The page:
Thank you, Chairman Quayle, for calling this hearing. And thank you to our witnesses for being here today.
More and more of our personal information is making its way online, and our Nation's entire infrastructure--from traffic systems and the electricity grid to manufacturing--is becoming increasingly dependent on its connection to the internet. I can think of no topic more important for this Committee to address than cybersecurity. You just need to read the headlines to know that cybercrimes are becoming more frequent-- Sony's PlayStation network has been repeatedly targeted by hackers with the personal information of more than 100 million users being exposed, a server at NASA was recently targeted revealing satellite data, and social media sites like Facebook are consistently targeted by phishing scams and other cyber attacks.
I'm pleased that the Administration has provided Congress with a legislative proposal to consider. The proposal focuses primarily on the role and authority of the Department of Homeland Security in the securing non-defense systems. I look forward to working with the Chairman and the other members of this Committee to ensure that NIST's expertise in information security, especially in the development of technical standards and as a convener and consensus builder of private sector interests, is maintained. I'm also interested in ensuring that cybersecurity research and development and a clear strategy to building a highly-skilled federal cyberworkforce is incorporated into any comprehensive bill that moves through the House.
OMB reports that, in 2010, Federal agencies spent $12 billion on cybersecurity to protect the $80 billion dollar federal information technology infrastructure. Additionally, the Federal government funds about $400 million in cybersecurity research each year. Despite these considerable funding levels and many hours spent by federal employees on this issue, the assessment remains the same: our cybersecurity is poor. We need to use our existing resources more efficiently and with specific achievable goals in mind.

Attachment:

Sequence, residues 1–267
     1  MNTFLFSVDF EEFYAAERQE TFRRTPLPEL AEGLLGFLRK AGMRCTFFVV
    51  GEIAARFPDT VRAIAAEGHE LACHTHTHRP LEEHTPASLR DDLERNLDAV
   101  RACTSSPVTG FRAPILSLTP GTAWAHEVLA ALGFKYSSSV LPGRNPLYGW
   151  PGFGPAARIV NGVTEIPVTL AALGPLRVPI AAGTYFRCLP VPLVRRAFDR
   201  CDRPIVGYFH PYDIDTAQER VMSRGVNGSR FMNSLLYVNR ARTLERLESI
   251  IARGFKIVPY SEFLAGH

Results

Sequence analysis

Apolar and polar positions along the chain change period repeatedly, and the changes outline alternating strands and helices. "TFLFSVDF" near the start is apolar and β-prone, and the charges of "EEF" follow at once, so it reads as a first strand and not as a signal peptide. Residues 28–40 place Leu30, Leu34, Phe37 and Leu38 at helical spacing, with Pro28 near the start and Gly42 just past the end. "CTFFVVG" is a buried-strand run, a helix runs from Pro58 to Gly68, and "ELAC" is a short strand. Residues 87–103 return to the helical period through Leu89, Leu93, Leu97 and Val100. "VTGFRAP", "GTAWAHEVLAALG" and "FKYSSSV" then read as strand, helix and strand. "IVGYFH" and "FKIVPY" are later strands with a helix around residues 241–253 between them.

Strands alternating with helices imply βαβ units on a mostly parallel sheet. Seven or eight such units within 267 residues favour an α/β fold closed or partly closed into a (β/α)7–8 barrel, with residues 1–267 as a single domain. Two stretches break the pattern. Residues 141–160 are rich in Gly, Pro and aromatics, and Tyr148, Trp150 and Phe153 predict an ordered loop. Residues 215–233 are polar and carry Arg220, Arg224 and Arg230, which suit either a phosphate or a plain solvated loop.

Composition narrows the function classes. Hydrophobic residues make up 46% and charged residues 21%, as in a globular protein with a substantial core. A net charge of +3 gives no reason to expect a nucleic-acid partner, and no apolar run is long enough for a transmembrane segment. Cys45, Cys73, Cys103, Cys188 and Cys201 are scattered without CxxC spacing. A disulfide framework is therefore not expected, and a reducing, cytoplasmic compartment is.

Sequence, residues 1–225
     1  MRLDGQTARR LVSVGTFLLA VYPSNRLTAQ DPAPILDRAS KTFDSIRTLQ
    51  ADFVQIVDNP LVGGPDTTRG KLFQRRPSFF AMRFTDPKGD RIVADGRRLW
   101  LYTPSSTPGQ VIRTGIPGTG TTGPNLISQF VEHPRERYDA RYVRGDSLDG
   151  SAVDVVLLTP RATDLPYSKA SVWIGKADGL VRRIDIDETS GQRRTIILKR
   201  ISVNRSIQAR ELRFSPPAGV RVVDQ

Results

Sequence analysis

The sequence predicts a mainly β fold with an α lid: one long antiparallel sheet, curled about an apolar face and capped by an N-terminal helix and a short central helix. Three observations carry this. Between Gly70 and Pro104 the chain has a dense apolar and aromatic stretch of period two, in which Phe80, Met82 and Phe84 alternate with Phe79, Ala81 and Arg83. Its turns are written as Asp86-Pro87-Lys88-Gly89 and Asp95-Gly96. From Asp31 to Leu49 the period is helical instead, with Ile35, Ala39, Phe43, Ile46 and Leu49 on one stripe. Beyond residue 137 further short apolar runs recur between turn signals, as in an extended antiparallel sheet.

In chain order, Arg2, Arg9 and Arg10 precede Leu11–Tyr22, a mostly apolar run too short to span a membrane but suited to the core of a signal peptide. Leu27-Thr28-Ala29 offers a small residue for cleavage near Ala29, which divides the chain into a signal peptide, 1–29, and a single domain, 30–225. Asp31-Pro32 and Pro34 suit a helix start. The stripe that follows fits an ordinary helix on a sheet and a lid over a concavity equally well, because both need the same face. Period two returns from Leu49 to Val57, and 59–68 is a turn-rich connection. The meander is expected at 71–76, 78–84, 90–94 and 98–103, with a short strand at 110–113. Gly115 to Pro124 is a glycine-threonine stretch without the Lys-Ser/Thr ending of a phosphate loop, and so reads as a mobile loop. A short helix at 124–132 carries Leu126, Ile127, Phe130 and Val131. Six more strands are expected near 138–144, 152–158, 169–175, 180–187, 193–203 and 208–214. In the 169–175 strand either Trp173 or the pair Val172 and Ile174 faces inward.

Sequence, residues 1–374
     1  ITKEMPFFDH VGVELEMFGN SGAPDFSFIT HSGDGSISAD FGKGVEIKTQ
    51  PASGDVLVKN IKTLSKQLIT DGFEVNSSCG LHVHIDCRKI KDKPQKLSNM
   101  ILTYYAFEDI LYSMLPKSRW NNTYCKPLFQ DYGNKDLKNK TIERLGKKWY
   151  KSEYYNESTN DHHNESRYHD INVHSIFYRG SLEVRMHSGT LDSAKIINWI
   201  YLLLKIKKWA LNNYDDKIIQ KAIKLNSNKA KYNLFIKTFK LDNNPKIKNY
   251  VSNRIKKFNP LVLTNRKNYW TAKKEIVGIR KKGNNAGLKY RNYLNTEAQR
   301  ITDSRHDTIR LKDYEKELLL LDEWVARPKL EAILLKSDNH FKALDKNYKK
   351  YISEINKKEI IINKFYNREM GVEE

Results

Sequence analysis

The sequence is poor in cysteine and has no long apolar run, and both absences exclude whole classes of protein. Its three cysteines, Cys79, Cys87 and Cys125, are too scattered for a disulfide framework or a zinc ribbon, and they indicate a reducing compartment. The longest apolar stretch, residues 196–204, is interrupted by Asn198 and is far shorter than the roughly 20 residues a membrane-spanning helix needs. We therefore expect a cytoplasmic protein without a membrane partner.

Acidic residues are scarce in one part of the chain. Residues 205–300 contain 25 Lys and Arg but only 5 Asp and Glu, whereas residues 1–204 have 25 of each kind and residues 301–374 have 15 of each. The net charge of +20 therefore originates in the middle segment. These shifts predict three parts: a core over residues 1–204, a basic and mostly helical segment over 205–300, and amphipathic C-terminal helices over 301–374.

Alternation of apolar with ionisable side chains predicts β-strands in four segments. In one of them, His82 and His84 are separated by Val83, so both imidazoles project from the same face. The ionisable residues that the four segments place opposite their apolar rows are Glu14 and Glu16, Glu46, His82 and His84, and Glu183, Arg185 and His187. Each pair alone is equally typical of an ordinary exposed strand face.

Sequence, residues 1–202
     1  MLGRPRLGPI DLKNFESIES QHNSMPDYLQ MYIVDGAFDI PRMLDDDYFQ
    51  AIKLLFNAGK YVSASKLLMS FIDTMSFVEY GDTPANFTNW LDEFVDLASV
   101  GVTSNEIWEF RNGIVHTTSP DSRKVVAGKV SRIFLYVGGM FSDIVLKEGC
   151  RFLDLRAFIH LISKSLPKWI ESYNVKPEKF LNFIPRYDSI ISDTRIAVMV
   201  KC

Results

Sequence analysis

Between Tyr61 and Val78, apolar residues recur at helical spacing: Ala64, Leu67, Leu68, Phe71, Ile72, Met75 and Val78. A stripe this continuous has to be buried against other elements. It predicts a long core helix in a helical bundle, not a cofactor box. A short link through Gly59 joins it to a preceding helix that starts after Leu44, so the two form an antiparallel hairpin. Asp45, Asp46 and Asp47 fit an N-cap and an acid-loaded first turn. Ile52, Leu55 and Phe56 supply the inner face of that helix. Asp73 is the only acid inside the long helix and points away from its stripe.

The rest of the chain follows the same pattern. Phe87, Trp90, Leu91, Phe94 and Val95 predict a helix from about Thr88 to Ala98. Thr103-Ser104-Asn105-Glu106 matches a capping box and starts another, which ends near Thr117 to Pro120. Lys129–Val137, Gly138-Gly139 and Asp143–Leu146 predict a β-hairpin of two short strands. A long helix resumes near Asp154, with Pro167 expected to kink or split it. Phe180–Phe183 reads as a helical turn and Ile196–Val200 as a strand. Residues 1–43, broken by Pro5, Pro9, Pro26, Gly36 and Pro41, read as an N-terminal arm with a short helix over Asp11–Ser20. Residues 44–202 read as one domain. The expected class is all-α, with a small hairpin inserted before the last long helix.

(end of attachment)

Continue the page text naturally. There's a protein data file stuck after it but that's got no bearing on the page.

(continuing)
Previously, federal efforts have been output oriented--focused on things like the number of programs, funds spent, or the number of interagency working groups--rather than outcome driven. I am pleased that the current Administration is focusing its efforts on achieving outcomes such as fewer breaches of federal systems, fewer cases of identity theft, and ensuring the security of smart grid and health IT systems. While the Administration's Cyberspace Policy Review was just a reemphasis of recommendations made in previous reports -- improving information sharing, bolstering interagency and private sector coordination, modernizing the research agenda, and enhancing public cybersecurity awareness and education -- it was successful in outlining a concrete vision and set of objectives that have been steadily addressed by the Administration over the last two years. For example, the creation of a National
Initiative for Cybersecurity Education to make consumers aware of online risks and training to ensure a skilled cybersecurity workforce; the development of an identity management framework, known as the National Strategy for Trusted Identities in Cyberspace, to lessen online fraud and strengthen privacy; and the recent release of an International Strategy for Cyberspace that calls for the development of international standards that prevent barriers to trade and commerce and an open environment that fosters free expression and innovation around the world. By addressing these recommendations, we are laying the building blocks for a new, outcomes-based approach to federal cybersecurity. The agencies appearing before the Committee today have a significant role to play in creating that foundation.
During today's hearing, I hope to learn how each agency has progressed toward meeting the goals and objectives outlined in the Administration's review, their future plans, and the impact of the Administration's legislative proposal on their current roles and authorities. This information will help guide the Committee's ongoing efforts to protect our Nation from cyber attacks.
I'd like to again thank the witnesses for being here today and I look forward to your testimony. Thank you, Mr. Chairman. I yield back the balance of my time.